AI startup Helsing raises $223 million in Series B funding for defense solutions
European artificial intelligence (AI) defense company Helsing revealed on Thursday, Sept.14, that it secured $223 million (approximately 209 million euros) in Series B funding, with General Catalyst, a venture capital firm, taking the lead. Swedish aerospace and automotive manufacturer Saab also participated as a strategic investor.
The company emphasized its commitment to advancing AI technology for the safeguarding of democratic nations. Helsing co-founder Gundbert Scherf said in a statement:
“We founded Helsing because we believe that AI will be essential so that democracies can continue to defend their values, Our recent traction shows that this belief is shared by governments and industry.”
Established in 2021, Helsing specializes in the creation of AI-powered military solutions and components, catering to projects such as the upcoming NATO Eurofighter aircraft upgrade and the Future Combat Air System (FCAS) initiative.
Ever since the introduction of OpenAI’s ChatGPT in November 2022, the rapid expansion of artificial intelligence has drawn parallels to a competitive race. A growing number of firms aim to offer governments and armed forces more efficient and cost-effective AI-driven military technologies. Among these companies venturing into AI’s role in warfare are Kratos Defense and Shield AI, based in San Diego.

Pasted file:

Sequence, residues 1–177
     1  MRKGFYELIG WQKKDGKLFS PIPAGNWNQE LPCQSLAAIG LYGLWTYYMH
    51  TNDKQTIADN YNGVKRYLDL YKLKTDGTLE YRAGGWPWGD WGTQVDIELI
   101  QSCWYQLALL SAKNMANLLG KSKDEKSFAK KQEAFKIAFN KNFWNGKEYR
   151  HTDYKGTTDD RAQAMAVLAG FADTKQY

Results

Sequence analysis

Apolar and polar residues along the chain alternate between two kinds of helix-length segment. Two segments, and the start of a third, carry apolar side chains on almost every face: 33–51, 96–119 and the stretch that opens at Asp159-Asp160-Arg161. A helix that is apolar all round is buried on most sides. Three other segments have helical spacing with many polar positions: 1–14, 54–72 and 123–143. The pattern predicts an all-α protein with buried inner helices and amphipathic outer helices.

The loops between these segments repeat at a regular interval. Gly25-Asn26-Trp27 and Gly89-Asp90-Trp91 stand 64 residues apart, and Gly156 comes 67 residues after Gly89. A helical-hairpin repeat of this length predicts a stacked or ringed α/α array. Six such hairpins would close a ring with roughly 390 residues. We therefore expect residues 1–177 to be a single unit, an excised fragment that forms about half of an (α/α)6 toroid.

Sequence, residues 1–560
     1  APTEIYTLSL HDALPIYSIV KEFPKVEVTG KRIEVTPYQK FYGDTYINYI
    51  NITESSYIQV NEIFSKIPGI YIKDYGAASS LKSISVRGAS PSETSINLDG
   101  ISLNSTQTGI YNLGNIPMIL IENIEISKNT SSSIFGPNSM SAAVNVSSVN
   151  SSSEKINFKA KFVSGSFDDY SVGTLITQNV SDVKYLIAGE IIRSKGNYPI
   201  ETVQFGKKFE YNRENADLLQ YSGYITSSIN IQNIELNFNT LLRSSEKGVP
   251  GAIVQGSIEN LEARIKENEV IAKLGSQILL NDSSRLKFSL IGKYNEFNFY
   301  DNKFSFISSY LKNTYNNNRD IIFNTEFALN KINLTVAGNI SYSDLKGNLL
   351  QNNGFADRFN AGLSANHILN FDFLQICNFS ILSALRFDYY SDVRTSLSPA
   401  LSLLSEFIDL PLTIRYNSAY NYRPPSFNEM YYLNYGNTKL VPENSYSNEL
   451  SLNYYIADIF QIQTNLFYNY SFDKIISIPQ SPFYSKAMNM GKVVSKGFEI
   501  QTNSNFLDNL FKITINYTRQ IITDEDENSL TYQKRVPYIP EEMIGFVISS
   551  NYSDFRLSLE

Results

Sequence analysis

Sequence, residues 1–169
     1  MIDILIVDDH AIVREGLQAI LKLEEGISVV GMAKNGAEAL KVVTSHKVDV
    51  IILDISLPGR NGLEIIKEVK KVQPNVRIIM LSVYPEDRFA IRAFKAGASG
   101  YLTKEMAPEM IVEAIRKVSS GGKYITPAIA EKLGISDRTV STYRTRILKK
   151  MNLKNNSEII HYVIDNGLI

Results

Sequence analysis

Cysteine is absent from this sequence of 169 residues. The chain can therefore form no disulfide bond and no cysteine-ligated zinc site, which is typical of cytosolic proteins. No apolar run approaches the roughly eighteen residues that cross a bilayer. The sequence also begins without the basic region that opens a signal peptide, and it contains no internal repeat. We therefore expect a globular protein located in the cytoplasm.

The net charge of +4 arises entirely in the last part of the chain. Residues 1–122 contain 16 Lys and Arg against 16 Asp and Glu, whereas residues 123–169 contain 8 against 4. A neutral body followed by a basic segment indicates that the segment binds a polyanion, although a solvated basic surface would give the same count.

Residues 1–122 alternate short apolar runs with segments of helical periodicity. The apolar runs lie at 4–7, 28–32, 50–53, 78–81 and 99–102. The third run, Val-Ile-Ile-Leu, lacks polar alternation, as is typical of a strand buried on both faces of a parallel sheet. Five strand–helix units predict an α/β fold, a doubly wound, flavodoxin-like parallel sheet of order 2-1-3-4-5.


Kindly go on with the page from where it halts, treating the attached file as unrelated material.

Artificial intelligence has been growing at an unprecedented rate in recent years and is being integrated into a range of industries. With the introduction of generative AI, there has been significant improvement in the capabilities of natural language processing (NLP) systems. These models can generate human-like text, perform language translation, answer questions and even write creative content.
During a press conference on July 13, Hollywood actors confirmed they were going on strike due to the involvement of AI in representing background performers.
Generative AI is a type of artificial intelligence that can create new content—such as text, images, or music—using prompts. Such tools are trained on enormous amounts of existing data to generate such outputs.